Even though I haven’t found the cadence yet to my new, emptier schedule, some days it still feels like I’m busy. I guess that’s what happens when I sprinkle my week with things here and there.
One of these things is teaching yoga. I’ve been teaching at an arboretum on my own for some friends and at a small dance studio in Liberty, North Carolina. I teach two beginner-friendly classes here: Happy Hour and Power Hour. Beginners are my favorite. Beginner-friendly yoga is my favorite. Sometimes, I catch myself getting caught up in more difficult poses or transitions and tend to forget the very basics of what made me fall in love with yoga in the first place.
I came to yoga after I ruined my knees from a lot of running. My physical therapist recommended it and I laughed out loud at the thought of it. At first, I thought yoga was so boring and not nearly as “good of a workout as running.” Eventually, I learned this was wrong. Yoga can be a hard workout. Hungry for sweat and self-exhaustion, I pushed myself too much (yes, in yoga). I injured my shoulders. I flipped over and fell smack on my back in headstand. I collapsed and fell on my face in crow–I attempted poses my body and mind were not prepared for.
Begrudgingly, I went back to the basics. Maybe I’m not alone in this; I think a lot of people lose sight of the basics. Eventually, I began to love “easy” yoga. As a teacher, I learn from my students and I’m constantly reminded that the basics are not boring nor are they “easy.” There’s no need to do anything fancy, levitate on your hands, go jack-rabbit-fast, or throw your back out to achieve a pose.
To me, yoga isn’t about the pose. It’s about making space. Be a space maker. Once you make space, there’s room to witness true self improvement, authentic self acceptance, and most importantly, there’s room to care for yourself.
A lot of yoga instructors who are writers have written about this same idea plenty of times. Many of them are also writing about how social media, especially Instagram, is ruining the practice. Instead of listening to the body and breath, yogis will be in a beautiful location, set up their camera, get into a circus pose and then post it online. If you can do this safely and honor yourself, cool. But sometimes I think this is what scares people away from yoga and makes it inaccessible. To me, that isn’t “real.”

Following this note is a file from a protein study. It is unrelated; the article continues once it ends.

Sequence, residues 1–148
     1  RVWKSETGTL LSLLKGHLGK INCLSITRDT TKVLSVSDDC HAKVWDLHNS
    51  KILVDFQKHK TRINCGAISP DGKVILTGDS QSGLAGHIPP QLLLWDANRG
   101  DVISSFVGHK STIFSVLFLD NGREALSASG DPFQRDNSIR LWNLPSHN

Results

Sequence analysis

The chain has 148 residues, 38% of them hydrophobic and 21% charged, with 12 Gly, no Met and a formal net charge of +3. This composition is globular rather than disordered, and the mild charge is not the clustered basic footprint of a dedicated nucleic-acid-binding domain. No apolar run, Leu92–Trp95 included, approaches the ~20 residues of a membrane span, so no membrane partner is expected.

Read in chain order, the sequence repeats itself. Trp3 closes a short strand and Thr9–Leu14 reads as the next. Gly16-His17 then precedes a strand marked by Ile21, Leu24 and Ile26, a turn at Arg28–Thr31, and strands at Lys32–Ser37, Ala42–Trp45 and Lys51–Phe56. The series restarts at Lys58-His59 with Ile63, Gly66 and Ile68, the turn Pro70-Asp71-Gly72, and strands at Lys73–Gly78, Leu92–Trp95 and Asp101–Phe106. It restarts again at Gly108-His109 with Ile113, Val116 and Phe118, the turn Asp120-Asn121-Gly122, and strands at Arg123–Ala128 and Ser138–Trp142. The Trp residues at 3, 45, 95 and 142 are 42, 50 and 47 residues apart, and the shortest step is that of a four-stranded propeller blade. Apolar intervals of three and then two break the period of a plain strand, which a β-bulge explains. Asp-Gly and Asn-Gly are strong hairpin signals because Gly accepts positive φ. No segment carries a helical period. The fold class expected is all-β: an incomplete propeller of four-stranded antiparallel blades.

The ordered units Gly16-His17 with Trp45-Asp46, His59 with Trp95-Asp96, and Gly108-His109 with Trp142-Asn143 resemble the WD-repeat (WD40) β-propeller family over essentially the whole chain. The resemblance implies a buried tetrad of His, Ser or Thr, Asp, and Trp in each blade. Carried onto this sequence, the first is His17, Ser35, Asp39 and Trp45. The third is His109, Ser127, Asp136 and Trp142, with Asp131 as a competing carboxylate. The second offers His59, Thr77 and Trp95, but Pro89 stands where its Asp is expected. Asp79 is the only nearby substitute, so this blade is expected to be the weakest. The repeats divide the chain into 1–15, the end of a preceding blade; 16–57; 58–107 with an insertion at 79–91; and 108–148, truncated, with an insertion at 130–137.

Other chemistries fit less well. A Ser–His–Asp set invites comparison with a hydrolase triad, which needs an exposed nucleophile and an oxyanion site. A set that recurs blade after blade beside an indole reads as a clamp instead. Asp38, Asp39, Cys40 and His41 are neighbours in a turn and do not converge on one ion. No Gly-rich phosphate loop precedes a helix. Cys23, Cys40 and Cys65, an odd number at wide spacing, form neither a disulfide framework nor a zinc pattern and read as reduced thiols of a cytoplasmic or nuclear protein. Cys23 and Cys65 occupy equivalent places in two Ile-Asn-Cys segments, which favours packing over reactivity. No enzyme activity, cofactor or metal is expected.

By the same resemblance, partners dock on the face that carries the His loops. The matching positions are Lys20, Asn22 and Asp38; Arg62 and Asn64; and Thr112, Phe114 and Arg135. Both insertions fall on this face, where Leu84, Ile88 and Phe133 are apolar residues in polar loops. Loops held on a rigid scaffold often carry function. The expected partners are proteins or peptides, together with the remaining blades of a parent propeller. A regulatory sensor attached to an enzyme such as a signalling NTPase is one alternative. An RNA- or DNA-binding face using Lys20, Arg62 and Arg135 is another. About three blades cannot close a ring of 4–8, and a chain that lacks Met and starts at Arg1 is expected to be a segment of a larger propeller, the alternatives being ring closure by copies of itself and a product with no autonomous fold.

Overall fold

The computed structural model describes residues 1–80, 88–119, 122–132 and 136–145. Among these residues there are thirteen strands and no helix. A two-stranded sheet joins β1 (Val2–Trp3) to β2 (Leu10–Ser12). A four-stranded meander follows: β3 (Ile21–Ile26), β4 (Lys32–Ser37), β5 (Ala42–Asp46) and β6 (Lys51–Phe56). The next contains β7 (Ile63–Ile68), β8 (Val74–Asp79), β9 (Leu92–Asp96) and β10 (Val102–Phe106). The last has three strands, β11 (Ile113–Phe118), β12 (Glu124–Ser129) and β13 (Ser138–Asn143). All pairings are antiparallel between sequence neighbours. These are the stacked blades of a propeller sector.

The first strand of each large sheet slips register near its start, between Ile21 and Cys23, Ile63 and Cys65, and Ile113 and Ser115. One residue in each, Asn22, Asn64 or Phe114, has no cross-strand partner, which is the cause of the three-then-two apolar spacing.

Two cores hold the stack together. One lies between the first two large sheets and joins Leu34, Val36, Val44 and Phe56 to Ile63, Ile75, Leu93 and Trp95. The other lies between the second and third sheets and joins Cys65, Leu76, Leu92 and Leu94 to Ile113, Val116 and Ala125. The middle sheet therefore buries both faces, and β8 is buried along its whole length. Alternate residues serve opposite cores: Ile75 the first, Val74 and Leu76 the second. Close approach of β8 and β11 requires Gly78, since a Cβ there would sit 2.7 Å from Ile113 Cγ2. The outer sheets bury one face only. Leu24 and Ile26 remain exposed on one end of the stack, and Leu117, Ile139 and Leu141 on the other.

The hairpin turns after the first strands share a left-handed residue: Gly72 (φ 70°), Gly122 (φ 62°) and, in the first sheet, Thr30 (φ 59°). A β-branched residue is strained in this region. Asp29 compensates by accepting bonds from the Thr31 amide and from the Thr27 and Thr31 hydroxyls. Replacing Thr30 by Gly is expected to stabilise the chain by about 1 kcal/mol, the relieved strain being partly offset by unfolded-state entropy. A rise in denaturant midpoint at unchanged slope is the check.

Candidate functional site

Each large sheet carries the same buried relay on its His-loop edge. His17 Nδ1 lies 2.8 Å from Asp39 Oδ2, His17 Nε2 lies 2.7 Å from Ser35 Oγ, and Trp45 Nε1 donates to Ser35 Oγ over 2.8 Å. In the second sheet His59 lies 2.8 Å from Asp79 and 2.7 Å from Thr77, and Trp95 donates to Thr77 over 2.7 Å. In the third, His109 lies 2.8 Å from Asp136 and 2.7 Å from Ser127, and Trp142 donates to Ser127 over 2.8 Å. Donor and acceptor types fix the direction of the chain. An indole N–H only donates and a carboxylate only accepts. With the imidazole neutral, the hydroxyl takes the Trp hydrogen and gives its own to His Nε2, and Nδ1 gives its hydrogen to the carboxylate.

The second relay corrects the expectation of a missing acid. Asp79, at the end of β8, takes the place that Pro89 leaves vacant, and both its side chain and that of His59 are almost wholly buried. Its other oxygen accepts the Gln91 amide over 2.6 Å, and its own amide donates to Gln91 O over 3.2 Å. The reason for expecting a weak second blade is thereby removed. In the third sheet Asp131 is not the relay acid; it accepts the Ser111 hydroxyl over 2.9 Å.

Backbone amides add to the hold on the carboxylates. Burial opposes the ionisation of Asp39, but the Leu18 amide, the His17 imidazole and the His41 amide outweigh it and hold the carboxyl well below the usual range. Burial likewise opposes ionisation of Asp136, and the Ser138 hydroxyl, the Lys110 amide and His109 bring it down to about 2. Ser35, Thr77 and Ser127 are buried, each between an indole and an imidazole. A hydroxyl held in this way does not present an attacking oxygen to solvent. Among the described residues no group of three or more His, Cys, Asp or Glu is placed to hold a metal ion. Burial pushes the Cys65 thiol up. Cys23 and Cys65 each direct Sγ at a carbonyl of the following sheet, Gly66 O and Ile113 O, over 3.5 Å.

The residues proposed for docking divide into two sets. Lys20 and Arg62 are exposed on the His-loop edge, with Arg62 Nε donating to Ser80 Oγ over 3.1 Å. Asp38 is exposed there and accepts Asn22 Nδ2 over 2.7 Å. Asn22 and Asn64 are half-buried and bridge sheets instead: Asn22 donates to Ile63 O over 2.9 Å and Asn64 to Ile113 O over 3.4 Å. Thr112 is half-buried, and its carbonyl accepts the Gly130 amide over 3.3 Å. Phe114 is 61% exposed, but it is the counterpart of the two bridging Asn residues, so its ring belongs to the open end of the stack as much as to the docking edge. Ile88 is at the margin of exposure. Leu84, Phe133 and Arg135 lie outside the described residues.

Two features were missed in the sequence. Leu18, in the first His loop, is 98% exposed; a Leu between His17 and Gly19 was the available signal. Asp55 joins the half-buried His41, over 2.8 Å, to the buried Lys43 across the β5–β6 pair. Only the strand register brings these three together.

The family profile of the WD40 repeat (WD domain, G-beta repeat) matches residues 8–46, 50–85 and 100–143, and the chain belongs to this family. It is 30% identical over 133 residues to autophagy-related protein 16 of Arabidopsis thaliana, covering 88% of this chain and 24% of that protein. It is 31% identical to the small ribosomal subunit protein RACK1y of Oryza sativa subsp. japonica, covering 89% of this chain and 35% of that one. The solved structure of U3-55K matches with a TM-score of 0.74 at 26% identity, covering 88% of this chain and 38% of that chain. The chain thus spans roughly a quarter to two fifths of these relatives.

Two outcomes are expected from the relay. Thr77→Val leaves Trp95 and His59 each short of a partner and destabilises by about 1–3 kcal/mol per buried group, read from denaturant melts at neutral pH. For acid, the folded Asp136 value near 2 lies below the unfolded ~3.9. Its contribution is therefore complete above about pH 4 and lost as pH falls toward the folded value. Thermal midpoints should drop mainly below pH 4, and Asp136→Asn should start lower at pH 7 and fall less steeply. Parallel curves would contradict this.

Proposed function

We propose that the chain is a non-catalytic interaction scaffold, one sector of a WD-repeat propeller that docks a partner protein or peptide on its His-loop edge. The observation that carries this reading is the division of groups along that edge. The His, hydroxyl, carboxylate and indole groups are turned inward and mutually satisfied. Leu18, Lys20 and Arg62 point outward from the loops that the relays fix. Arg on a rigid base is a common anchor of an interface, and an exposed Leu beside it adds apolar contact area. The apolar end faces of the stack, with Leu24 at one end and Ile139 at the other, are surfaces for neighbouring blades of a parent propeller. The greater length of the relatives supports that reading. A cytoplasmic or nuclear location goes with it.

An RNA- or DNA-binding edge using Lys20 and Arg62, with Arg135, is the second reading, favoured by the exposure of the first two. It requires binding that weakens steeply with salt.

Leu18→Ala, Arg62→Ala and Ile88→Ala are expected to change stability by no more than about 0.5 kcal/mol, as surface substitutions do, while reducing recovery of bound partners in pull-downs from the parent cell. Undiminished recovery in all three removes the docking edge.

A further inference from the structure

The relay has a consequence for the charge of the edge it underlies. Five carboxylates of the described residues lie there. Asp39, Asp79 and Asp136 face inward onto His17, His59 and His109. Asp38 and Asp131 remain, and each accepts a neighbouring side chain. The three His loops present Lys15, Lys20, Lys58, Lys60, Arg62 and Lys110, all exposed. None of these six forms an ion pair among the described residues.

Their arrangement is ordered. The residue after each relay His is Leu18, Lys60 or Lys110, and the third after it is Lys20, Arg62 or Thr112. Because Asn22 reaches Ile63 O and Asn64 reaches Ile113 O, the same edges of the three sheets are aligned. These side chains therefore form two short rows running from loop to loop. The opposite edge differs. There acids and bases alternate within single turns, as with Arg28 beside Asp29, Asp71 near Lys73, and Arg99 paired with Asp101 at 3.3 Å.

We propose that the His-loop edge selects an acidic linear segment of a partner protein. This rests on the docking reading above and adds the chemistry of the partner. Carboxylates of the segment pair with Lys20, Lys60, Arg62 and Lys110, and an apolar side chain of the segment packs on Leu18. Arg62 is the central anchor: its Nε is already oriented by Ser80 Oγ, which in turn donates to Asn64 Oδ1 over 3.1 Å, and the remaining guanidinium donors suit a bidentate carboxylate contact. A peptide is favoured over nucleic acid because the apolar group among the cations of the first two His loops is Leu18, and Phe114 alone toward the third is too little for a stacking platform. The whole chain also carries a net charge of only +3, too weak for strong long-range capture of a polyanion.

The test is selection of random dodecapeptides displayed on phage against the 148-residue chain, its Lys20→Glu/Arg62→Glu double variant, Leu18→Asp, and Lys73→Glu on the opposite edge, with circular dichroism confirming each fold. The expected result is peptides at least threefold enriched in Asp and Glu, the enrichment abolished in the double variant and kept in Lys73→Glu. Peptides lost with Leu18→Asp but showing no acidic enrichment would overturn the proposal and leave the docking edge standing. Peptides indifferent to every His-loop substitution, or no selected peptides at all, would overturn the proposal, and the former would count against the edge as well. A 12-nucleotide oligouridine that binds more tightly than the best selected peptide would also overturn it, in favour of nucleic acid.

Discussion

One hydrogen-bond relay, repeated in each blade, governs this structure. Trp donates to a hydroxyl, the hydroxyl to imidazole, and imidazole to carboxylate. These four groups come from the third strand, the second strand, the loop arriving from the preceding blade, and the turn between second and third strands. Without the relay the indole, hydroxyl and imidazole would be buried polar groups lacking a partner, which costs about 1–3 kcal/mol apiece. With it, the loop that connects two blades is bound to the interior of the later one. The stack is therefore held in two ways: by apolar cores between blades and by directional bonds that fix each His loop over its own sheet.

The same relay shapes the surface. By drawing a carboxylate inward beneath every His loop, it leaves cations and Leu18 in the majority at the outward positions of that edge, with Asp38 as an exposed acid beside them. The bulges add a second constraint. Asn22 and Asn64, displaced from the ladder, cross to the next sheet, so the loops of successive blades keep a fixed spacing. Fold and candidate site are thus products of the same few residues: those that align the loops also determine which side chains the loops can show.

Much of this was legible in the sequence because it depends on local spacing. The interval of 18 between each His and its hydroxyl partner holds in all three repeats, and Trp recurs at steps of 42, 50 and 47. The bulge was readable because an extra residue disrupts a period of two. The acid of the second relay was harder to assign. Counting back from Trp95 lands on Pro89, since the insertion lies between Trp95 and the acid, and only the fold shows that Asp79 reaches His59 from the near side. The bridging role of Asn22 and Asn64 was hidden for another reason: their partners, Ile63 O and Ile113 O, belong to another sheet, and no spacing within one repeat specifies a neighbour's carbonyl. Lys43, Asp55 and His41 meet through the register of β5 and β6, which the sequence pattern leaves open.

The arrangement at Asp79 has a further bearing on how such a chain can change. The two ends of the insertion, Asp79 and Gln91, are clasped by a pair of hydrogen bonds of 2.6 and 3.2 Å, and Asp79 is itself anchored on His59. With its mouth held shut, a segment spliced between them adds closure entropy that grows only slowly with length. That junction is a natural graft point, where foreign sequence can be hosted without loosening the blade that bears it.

Real yoga isn’t necessarily on the cover of yoga journal or self magazine. It’s in your hometown studio. It’s your next door neighbor who practices in their living room. It’s on your mat. It’s embodied by you and each and every type of body that chooses to practice. Real yoga is listening to your body; if it says, “hey, I wanna just sit in childs pose today,” honor that. Let go of your own judgement. One thing I am constantly having to remember is that it doesn’t matter what anyone else says or thinks about you. It matters what you say and think about you. You deserve to be nice to yourself.
For my first class this fall only one student showed up. I welcomed her into the dim room with sparkly Christmas lights, introduced myself, and asked her name. “Laurie,” she said quietly and immediately blurted, “I’ve never done yoga before and I’m not sure if this is going to be the kind of thing I like. Is anyone else coming? Am I the only one?” I asked how her body was feeling and what brought her to yoga. “I’ve been falling a lot. Especially when I step over a small fence in my garden to keep the rabbits out,” she said. She’s an older woman and she mentioned that too. I told her anybody can do yoga and we began.
I ignored my prepared class notes and routine. Instead, I worked closely with her, one on one. To start, we did some breathing exercises followed by a super slow warmup-really lingering in each movement. Then we worked on balance and stability poses at the wall and did a lot of poses on the ground. At the end of the class, after “namaste,” she began to cry. I asked if she was alright and she said, “yes, is this a normal reaction?” I quickly and quietly responded, “oh yes. I’ve cried in yoga before. Lots of people have.” She said, “I don’t even know why I’m crying.” I said, “some people believe through yogic movements, we break up bits of tension in our body; we crack open and shed light on parts of ourselves we didn’t know were dark. Or, maybe its because you hadn’t realized how much love you needed to give yourself. Especially if you care for other people, its so easy to forget yourself. But you deserve care too.” She nodded and smiled.
I cracked the door to begin the next class (I teach back to back). A few others came in and Laurie decided to stick around and stay for her second yoga class.
The following week after class she gave me a bag full of goodies from her garden. Cherry tomatoes, cucumbers, zucchini, and one perfectly round acorn squash. She told me, “this is a magic squash. One day this spring, I noticed a sprout coming up from my compost pile. I figured it would just die like most sprouts there do, but it kept growing. It began to form something and I couldn’t tell what it was. Eventually, it turned out to be acorn squash.” She paused and then said, “its the best squash I’ve ever had. I’ve never purposefully grown any that taste quite as good as this one. It keeps growing; this is squash number 28. It’s magic.”
I think maybe we’re all like this magic seed, trying to grow in a pile of stuff that wasn’t exactly meant for us. But eventually, we decide to root down, grow upwards, and make space in that place anyway. Its like that quote, “a flower doesn’t compete with the flower next to it, it just blooms.”
I think that’s real yoga.